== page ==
The other day I did a post about Bob Dylan’s Nobel Lecture. While I think it is still a great read and a great listen, in some ways classic Dylan, I have also discovered that some people think he plagiarized at least part of it.
First, in the past when it was pointed out that some of his lyrics and much of his earliest music, seem to be pretty similar to existing works, he pointed out that there was a long tradition in folk music (and jazz) to quote existing works. This is true. Some of his earliest songs work because of these quotes. There are some who think he never did an original thing, that he is complete phony. Of course, I’ve never heard that his classics, like “Blowing in the Wind”, “The Times They are a Changin'”, “Mr. Tambourine Man”, “Positively 4th Street”, or anything off of Highway 61 Revisited are plagiarized in any way. But some think they are all phony and awful. Continue reading
Once I was discussing music with someone and they said something about how late in life they were before they understood that there was more to a song than just the words. I laughed and said that it was even later in life that I realize that words in songs had any meaning beyond how they sounded when sung. In my world view, the voice was just another instrument that was very flexible in the sounds it could produce, a kind of organic synthesizer.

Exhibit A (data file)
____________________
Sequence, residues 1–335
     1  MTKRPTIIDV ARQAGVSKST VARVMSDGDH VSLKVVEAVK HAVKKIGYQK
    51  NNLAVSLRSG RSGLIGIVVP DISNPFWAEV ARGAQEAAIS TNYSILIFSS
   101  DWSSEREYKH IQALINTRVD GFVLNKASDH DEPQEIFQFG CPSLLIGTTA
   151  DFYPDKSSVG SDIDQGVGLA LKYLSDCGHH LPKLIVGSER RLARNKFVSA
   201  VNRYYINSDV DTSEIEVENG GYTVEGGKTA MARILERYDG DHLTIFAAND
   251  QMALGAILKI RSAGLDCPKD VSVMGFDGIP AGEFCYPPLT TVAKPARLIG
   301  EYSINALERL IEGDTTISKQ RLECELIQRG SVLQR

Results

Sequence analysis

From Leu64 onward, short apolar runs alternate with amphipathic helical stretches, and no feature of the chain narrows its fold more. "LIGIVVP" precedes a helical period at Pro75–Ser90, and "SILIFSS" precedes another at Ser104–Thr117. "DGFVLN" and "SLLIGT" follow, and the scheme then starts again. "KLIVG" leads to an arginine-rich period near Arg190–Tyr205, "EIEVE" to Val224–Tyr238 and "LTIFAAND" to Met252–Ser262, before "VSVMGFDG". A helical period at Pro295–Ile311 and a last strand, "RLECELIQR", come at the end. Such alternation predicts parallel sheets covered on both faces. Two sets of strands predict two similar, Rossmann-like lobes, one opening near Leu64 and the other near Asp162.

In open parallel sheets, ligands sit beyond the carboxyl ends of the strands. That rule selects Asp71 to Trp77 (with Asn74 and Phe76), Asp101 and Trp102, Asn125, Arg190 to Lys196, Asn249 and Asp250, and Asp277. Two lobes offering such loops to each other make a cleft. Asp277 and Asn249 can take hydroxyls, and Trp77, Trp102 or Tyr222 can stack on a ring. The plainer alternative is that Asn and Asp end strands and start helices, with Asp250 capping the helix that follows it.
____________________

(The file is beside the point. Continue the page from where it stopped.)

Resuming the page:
Funny thing, though, as soon as I began to actually pay attention to meaning, Bob Dylan quickly became one of my favorites. Doubly funny, is that for some of his songs, it is the immediate imagery more than the actual meaning that jumps out. Close your eyes and listen to just about anything on “Highway 61 Revisited” and let your imagination run wild. Do you see it? At times it is back to my original thought of the sound of his voice, the individual words, creating its own meaning beyond what the words taken together mean. Continue reading